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Neo-liberalism defined

Philip Mirowski's review -- "How Did The Neoliberals Pull It Off?" -- is getting a lot of play among the cognoscenti. It's a massive and very funny takedown. Here is the nut graf:

Neoliberalism consists of a thoroughgoing reinvention of the classical liberal tradition, expanded to encompass the whole of human existence as a political animal and a knowing being. In this tradition, the market stands as the ultimate arbiter of truth; the pinnacle of achievement is to become an entrepreneur of the plastic self; there is no such thing as Society; and freedom is recoded to mean anything the market allows. It is generally conceded to have been initially stabilized by the members of the Mont Pelerin Society, a group founded in 1947 and that is still in existence today. Over the last four decades it has expanded to encompass a vast thought collective, ranging from high-profile economists like Friedrich Hayek and Milton Friedman to politicians like Margaret Thatcher and Ronald Reagan; from the Murdoch media empire to Astroturf movements like the Tea Party; from think tank denizens across the globe to the “shadow elite” described by Janine Wedel. Terms like “market fundamentalism” and “libertarianism” severely misrepresent the movement, as some of the current authors insist.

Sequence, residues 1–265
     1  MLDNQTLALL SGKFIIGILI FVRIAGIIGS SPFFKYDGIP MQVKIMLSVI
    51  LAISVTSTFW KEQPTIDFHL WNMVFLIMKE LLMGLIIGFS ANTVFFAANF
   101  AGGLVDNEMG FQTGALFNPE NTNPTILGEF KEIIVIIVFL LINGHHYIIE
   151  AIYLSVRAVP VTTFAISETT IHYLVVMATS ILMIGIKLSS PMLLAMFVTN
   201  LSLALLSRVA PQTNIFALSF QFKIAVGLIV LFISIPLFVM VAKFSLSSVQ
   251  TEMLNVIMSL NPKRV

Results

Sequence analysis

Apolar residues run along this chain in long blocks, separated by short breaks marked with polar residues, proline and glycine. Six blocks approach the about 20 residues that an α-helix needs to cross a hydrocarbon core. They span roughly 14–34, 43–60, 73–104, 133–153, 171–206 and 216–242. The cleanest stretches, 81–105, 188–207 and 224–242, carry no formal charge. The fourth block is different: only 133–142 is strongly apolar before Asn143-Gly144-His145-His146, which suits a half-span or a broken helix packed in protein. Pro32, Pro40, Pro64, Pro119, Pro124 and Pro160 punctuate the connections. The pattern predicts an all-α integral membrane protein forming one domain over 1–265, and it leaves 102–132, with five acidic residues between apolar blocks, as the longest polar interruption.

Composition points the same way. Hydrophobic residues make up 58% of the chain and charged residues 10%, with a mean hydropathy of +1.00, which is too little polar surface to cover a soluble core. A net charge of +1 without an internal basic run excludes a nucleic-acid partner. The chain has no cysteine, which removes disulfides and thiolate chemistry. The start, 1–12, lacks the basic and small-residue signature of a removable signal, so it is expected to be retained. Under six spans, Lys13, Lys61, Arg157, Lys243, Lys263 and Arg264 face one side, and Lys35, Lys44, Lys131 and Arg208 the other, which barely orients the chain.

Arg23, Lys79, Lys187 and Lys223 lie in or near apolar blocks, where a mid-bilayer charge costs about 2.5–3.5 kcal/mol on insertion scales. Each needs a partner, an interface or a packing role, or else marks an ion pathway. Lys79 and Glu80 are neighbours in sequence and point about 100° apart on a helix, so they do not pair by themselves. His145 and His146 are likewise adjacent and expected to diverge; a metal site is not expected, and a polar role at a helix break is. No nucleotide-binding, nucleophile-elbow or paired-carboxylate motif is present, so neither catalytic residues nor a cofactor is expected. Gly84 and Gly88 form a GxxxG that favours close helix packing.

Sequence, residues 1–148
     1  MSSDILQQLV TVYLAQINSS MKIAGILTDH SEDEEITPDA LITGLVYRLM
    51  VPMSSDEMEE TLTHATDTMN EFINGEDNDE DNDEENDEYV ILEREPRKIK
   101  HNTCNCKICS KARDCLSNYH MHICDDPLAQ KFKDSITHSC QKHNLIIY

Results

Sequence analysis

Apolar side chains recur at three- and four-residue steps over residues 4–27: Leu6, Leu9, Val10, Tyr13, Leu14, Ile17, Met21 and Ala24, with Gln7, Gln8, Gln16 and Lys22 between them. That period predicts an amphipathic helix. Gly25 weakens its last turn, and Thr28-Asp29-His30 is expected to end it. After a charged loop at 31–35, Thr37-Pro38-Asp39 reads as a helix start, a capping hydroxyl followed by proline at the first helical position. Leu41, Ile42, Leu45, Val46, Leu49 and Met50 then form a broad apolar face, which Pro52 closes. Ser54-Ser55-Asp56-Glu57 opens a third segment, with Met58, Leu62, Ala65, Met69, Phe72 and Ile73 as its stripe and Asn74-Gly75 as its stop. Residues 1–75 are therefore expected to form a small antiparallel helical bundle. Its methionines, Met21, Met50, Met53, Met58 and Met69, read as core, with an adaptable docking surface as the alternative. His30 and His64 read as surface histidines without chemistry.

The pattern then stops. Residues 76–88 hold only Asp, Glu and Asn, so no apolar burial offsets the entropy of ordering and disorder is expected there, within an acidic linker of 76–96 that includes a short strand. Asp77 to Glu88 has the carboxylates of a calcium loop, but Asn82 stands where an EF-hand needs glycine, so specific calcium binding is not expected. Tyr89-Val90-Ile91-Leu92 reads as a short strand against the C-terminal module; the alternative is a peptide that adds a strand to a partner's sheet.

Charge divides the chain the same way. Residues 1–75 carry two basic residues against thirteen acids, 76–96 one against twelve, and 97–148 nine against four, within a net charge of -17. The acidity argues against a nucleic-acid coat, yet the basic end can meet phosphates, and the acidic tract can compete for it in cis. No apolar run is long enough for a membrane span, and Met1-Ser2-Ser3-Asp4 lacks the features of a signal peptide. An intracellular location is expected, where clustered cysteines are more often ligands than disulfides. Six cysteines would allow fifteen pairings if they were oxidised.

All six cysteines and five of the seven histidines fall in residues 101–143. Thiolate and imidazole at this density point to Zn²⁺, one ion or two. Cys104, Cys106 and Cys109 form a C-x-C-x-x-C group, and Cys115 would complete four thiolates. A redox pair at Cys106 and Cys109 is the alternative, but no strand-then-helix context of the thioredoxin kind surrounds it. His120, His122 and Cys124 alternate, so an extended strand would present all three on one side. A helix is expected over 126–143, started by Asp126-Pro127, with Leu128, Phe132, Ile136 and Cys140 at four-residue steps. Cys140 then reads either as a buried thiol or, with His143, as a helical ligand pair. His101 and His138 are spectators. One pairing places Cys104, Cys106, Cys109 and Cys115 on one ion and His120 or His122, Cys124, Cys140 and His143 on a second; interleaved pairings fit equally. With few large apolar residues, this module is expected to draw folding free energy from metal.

Jesting Pilates, all!

It's a fun read, so read it all. Note well:

Because the movement’s history involves concerted real-time revision of doctrine, there can be no straight line drawn from some fixed ideology to political programs over the history of “conservatism” or “free market fundamentalism” or any other such contemporary addled notions. Neoliberalism is real; but it does not wear its essence on its sleeve.

Reminds me of High Frequency Trading software, which apparently reprograms itself.

NOTE I don't find the neo-cons mentioned in the article. Perhaps they are a subset.

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Submitted by Hugh on